First, is the novel, The First Fifteen Lives of Harry August, by Claire North. I’d never heard of it, but evidently it was a big hit and all the talk when it first came out in 2014. Not her first book, Claire North made a name for herself after this one came on the scene and I understand why. Continue reading

A different kind of writing contest

Once again, I’m helping best selling  author RR Haywood judge the semi-annual writing contest he conducts in his closed The Living Army or TLA Facebook group. The group, made up of a couple thousand mostly British, American and Australian fans of his Undead zombie horror series, has lately become populated with fans of his new best selling time travel series, Extracted.

His Undead series, which now numbers 26 books, each of them best sellers on their own, is the kind of series with which fans become obsessed and inevitably find themselves looking for like-minded readers. It’s that search for connection with others who share obsessions which spawned the TLA  group, many of whom have read the entire series a number of times, have listened to them in audiobook and spend days and days arguing over who should be in the dream casts for hopeful TV and movie adaptations. (Hint, hint, movie and TV producers. This series is screaming for TV time.) I reviewed one of the books in the series here. Continue reading

Interview – Nicholas Sansbury Smith

Too often, authors create one dimensional super-killers in uniform who cold-heartedly carry out his or her duty like a robot. The character perpetuates the myth that the military is filled with people who mindlessly do what they’re told regardless of right or wrong. Orders are orders, in these worlds and service members shouldn’t think for themselves.

I’m convinced authors regurgitate the TV and movie style combatant because the number of people who know and understand real military life is minuscule compared to those who haven’t served. People simply make it up, call it creative license and do whatever they think makes for the best plot.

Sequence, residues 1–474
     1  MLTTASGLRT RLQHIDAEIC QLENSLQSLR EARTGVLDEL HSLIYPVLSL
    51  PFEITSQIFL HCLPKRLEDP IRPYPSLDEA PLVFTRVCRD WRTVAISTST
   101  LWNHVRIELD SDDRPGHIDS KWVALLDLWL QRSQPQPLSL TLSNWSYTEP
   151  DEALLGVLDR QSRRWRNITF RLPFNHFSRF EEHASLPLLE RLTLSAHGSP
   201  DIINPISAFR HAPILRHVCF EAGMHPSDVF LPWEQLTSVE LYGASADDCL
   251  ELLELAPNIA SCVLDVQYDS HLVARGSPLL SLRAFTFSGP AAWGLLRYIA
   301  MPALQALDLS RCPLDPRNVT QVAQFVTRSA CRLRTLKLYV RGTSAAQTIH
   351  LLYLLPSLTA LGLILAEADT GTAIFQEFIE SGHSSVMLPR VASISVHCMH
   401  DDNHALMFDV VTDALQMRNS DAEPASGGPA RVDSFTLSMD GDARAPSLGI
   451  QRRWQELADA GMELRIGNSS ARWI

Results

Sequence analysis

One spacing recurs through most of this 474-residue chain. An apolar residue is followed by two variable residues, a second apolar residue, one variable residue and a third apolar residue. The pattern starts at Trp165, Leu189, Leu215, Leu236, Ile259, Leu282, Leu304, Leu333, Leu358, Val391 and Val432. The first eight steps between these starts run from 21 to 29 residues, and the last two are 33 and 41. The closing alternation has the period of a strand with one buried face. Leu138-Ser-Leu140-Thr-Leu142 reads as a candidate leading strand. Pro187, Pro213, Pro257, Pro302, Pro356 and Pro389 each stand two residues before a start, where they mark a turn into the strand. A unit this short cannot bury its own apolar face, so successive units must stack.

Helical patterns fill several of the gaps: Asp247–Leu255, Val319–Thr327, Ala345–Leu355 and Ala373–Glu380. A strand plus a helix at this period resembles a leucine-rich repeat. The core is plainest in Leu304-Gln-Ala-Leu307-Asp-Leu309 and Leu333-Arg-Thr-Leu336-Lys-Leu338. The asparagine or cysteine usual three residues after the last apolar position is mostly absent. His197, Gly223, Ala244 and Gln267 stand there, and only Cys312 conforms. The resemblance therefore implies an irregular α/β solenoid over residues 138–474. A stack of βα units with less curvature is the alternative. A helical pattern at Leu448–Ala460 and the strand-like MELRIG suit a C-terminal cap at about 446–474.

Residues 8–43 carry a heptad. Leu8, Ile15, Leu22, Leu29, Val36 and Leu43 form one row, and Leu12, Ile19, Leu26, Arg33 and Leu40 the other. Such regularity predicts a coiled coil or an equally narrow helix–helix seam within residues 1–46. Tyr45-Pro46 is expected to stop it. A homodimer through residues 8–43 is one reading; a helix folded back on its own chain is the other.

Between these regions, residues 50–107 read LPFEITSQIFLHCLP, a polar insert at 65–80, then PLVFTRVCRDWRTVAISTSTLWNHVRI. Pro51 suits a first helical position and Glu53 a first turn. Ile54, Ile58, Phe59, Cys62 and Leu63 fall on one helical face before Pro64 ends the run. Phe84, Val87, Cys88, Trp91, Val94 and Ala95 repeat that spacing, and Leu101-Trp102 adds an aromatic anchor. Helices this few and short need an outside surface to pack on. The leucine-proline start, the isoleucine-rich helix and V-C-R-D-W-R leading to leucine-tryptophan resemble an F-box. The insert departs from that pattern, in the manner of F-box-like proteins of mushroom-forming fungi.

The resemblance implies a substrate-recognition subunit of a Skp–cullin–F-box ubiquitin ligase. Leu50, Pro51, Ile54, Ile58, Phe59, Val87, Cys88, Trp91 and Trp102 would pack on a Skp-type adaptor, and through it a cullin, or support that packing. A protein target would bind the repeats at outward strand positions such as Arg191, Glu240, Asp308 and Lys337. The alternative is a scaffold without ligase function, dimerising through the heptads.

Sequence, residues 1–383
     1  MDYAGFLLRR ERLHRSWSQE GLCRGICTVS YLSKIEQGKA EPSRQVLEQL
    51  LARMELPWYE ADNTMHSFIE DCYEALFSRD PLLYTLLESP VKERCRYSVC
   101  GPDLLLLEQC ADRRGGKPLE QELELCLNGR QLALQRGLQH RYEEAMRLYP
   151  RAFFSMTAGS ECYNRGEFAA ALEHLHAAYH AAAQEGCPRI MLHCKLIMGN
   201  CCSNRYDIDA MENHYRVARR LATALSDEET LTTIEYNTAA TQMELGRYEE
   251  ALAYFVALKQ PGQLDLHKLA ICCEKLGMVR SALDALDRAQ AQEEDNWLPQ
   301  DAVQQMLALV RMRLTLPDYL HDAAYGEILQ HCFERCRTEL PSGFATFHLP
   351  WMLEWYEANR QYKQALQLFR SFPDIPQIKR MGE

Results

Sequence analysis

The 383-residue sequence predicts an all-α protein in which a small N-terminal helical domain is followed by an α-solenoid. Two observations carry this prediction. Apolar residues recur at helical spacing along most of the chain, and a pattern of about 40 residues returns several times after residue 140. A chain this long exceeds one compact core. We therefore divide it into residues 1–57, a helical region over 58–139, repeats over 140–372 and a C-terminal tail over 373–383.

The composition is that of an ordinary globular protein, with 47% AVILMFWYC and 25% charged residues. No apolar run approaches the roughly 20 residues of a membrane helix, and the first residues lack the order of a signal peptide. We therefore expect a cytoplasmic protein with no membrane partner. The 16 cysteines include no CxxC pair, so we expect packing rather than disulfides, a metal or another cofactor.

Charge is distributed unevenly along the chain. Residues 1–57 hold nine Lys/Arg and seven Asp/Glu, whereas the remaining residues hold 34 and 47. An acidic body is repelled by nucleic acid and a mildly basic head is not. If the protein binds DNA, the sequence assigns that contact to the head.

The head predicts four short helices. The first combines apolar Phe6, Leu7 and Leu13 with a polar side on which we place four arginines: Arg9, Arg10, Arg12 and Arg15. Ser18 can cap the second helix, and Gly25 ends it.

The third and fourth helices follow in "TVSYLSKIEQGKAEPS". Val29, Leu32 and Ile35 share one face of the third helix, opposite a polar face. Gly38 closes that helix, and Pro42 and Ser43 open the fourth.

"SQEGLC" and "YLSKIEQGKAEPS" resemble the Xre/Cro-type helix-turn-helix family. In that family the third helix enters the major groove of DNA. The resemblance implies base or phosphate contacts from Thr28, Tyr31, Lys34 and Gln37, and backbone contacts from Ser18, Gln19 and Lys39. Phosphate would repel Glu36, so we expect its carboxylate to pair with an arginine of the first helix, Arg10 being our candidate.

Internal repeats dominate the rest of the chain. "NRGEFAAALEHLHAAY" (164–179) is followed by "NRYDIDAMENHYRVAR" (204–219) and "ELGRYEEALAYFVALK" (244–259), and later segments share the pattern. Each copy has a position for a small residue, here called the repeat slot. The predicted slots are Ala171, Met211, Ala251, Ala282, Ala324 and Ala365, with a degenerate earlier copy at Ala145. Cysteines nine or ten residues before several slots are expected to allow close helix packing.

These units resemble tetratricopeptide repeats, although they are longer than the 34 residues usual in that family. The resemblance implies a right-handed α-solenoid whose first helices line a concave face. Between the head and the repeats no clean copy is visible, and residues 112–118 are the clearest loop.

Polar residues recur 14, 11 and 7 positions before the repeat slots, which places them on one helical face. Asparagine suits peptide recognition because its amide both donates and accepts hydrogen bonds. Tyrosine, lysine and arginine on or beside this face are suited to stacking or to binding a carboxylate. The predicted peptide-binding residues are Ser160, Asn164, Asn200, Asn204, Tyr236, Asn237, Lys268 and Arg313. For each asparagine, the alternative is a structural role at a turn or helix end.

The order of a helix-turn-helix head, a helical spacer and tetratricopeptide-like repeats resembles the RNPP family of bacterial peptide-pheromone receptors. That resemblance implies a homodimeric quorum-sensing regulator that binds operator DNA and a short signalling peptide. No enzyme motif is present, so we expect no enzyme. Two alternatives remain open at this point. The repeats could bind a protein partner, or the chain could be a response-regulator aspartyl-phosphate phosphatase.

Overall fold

Often times, these are the books I want to throw across the room.

TrackersOn the other hand, there are some who go the extra mile, do some research and present accurate portrayals of military members and veterans. They work at getting at the truth of what goes through the mind and soul of people trained to go to battle, why they do it, what their motivation might be, and how what soldiers do impacts them before, during and after their service.

Nicholas Sansbury Smith, while never having served in uniform, masterfully draws three dimensional characters in uniform in all of his books. Many readers are familiar with the soldiers in his bestselling Extinction Cycle series which features Delta Force teams up against a deadly threat and a world in collapse. Through the multiple books in this series, we watch a team of men who had fought side by side for years in hot spots around the world. They weren’t best friends. They didn’t all hang out together, but they knew each other professionally and, like most people who go into danger with weapons in their hands, their connections are visceral and organic. When they lose half their team in one encounter with a kind of threat they’d never seen before, it rips them apart. They drive on, they continue to function and Smith shows us what it takes to continue your mission even though you’re torn up inside.

Continue reading

Two big things

First, a whole bunch of the Lei Crime Kindle World authors got together for a Valentine’s Day Facebook hop. Some lucky person is going to win a $170.00 Amazon gift card. You don’t want to miss this contest.

The sweet part, aside from thlei-crime-valentinese fat gift card, is that each Facebook post features a unique Hawaiian recipe –Get it? The sweet part? Since most of the Lei Crime stories take place in Hawaii, the recipes get you closer to the world. I want to try them all. Hawaiian king bread, Kalua pork and cabbage, Hawaiian pineapple Cake… So many yummy and fairly easy ideas to bring to the table.

All you have to do is visit some Facebook pages, leave comments and move onto the next one. Lots of us are playing. You can start on my page (www.facebook.com/mldoyleauthor) and go get familiar with other authors who write in the Lei Crime world. It’s a talented bunch who write mystery, romance, fantasy and much more.